OK, I’m going to get this out of the way first. Yes, there is a love triangle (or technically, a quadrangle), but Horn has given this dreaded trope a spin that even I didn’t see coming. So don’t let that stop you from jumping head first into this story! Here’s the deal: Mercy is in love—with Maisie’s boyfriend, Jackson. She’s suffering so much from the guilt of this that one night she goes to the crossroads (you know, where all the worst evil spells are cast) to find Mother Jilo, a root doctor who does hoodoo magic. She wants Jilo to cast a spell so that she will fall in love with Peter, her best friend, which will hopefully erase her feelings for Jackson. Without going into detail, let’s just say that when magic is involved, things tend to go…wrong. And boy, does Horn know how to make things go wrong in so many delightful ways!

One of the best things about the characters in The Line is that you can’t really count on any of them to be trustworthy. A character that you love in the beginning of the story might turn evil, and likewise a hateful one may turn out to be one of your favorites by the end of the story. It’s that type of uncertainty that kept me turning the pages as fast as possible. And yes, there are certain characters that are truly good through and through, like Mercy’s uncle Oliver, who reads minds and always has kind things to say to Mercy.

Mother Jilo turned out to be one of my favorite characters, which I was not expecting. Even though she comes across as mean and dangerous, I loved the way Mercy got under her skin, and by the end of the book she’s become one of the few people in her life that Mercy can trust.

The magic in The Line was a lot of fun, especially cool ideas like the jar of magical memories that Maisie gives to Mercy, and Oliver’s imaginary friend Wren, who haunts the house and hasn’t aged a day since Oliver was a boy. There are doorways that magically transport you to other locations, a golem, and blood magic as well. And underneath it all, the complex relationships among members of the Taylor family play out amidst all the magic.

The city of Savannah is the perfect setting for this Southern gothic tale, and I loved the author’s descriptions of the old creepy cemeteries, the bad parts of town where Jilo practices her hoodoo magic, and even the heat-laden air of summer that made me feel as if I were right there. As the story progresses, and horrible family secrets begin to emerge, you’ll feel like you’re right there too, right in the middle of the Taylor family drama. Luckily for us readers, there are two more books in this series to look forward to. And I for one will be dropping everything as soon as book two comes out!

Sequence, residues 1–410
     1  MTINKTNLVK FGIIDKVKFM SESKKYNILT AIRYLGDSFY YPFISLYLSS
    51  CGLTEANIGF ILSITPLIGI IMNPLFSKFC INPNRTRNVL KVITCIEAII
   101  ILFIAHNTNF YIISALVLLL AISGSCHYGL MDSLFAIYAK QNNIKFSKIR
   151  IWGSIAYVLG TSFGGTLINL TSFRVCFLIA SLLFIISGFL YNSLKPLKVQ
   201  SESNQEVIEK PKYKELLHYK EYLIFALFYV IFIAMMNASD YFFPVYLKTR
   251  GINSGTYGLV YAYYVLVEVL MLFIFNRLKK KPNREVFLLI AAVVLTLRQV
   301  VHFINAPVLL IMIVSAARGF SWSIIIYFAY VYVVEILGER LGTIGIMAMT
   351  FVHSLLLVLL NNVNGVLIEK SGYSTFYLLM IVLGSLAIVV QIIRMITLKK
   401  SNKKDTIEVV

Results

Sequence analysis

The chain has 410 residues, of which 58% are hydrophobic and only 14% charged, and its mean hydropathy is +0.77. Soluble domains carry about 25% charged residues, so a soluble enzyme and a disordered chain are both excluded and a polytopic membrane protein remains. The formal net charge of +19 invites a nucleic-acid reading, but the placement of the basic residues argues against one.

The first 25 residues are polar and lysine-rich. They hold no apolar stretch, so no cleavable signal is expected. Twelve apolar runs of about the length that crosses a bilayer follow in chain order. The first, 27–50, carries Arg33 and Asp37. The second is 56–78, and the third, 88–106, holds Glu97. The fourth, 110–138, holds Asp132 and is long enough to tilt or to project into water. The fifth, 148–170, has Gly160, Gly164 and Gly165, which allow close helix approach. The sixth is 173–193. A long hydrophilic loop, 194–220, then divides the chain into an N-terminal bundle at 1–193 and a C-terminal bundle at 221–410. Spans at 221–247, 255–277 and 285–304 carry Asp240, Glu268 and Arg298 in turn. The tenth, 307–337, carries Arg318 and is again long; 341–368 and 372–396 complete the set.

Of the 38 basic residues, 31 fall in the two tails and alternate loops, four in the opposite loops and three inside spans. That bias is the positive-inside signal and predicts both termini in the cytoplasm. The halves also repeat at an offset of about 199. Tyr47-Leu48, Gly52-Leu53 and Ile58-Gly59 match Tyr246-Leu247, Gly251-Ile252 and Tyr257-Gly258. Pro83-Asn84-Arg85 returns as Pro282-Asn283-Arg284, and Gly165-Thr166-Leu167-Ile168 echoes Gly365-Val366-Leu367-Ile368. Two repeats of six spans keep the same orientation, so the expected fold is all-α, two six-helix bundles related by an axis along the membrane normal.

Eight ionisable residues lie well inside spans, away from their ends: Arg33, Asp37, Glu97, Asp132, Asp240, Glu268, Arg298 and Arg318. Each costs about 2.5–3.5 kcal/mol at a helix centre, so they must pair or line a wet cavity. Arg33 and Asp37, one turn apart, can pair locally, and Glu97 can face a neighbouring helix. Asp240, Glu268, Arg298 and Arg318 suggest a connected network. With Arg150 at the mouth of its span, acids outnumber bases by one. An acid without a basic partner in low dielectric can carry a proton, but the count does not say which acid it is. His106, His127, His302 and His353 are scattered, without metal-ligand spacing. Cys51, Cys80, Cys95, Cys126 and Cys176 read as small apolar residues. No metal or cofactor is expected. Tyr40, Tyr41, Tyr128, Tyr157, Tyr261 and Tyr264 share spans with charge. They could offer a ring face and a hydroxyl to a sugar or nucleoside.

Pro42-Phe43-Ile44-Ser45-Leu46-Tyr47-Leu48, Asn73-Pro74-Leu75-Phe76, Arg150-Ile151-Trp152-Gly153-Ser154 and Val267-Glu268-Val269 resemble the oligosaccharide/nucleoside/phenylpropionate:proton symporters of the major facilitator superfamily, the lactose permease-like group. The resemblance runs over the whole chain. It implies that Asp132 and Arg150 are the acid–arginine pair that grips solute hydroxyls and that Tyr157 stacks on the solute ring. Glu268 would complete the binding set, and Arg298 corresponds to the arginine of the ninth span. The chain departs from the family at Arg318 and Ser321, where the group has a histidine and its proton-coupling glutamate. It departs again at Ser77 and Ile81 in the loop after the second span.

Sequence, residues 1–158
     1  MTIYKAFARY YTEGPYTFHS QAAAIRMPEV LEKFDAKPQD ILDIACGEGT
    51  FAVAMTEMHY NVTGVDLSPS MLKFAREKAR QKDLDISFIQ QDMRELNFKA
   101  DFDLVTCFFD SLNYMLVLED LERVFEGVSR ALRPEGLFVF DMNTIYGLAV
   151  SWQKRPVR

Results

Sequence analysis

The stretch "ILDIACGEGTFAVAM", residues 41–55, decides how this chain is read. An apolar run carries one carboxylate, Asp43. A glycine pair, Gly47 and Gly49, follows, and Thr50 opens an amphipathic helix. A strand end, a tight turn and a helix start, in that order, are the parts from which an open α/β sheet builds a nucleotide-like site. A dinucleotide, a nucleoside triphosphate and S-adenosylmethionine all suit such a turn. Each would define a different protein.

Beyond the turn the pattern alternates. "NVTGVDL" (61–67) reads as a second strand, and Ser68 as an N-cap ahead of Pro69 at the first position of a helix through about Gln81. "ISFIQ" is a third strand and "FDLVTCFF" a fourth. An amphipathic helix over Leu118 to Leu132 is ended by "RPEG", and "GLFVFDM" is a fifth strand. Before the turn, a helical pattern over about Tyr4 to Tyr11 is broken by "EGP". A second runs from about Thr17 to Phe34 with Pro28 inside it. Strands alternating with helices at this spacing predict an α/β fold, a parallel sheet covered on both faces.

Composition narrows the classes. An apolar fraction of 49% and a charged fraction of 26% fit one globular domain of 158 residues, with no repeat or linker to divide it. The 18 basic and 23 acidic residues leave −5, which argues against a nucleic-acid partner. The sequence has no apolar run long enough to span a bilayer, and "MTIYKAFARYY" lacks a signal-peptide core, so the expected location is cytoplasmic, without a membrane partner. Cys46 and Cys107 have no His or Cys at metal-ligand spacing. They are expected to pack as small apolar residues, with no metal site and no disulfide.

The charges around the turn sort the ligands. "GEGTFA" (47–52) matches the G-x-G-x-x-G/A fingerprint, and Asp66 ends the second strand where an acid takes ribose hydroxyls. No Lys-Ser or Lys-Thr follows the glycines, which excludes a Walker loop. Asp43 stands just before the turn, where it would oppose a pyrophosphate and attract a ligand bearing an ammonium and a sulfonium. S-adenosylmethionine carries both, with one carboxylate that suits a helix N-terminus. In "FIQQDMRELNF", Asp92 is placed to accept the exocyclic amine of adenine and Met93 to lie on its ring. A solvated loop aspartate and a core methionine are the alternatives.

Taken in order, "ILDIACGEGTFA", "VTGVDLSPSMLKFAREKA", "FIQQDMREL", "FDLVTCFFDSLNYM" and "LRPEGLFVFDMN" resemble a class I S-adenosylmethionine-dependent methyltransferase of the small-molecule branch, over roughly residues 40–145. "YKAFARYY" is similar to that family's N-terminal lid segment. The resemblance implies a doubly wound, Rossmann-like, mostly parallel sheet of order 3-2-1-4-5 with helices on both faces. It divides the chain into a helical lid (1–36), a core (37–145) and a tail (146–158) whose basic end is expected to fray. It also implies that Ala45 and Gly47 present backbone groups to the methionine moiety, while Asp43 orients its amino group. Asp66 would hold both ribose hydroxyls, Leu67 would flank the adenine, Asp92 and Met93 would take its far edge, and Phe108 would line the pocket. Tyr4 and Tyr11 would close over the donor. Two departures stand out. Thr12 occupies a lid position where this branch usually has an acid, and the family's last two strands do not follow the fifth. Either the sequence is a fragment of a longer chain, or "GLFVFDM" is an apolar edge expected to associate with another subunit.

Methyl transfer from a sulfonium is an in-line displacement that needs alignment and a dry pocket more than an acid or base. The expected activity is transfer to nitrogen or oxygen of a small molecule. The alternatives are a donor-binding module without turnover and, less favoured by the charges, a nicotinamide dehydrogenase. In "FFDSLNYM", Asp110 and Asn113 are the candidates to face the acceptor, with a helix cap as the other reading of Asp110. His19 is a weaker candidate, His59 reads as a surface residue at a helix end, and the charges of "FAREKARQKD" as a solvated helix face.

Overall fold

Big thanks to the author for supplying a review copy. I’ll be interviewing J.D. later this week, so don’t forget to check back!

The Line is a Kindle First pick this month, and you can get it for your Kindle for only $1.99! Click the Amazon button for more info:

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Filed under Five stars, Reviews

A Horrific Tale Skillfully Written: BARCELONA SHADOWS by Marc Pastor – Review

Barcelona Shadows 3D

Barcelona Shadows by Marc Pastor
Translated from the Catalan by Mara Faye Lethem
Genre: Adult Thriller
Publisher: Pushkin Press
Release date (U.S.): January 16 2014
Source: e-book from publisher
Pages: 272

four stars

The nitty-gritty: Violent and sometimes shocking, with an unusual narrator, a brutal main character, but ultimately, a skillfully constructed story.

Barcelona is an old lady with a battered soul, who has been left by a thousand lovers but refuses to admit it. Every time she grows, she looks in the mirror, sees herself changed and renews all her blood until it’s almost at boiling point. Like a butterfly’s cocoon, she finally bursts. Distrust becomes the first phase of gestation: no one is sure that he whom they’ve lived with for years, whom they’ve considered a neighbor, isn’t now an enemy.

At first I thought it was going to be nearly impossible to review this book. When I started reading it, I didn’t like it at all. I hated the characters, I hated the violence, but most of all I hated the subject matter. It was almost a DNF for me, which is something I never do. But I kept reading, and at about the half-way point, I began to realize that even though the characters were still horrible and the subject matter hadn’t changed, Marc Pastor is an extremely talented writer.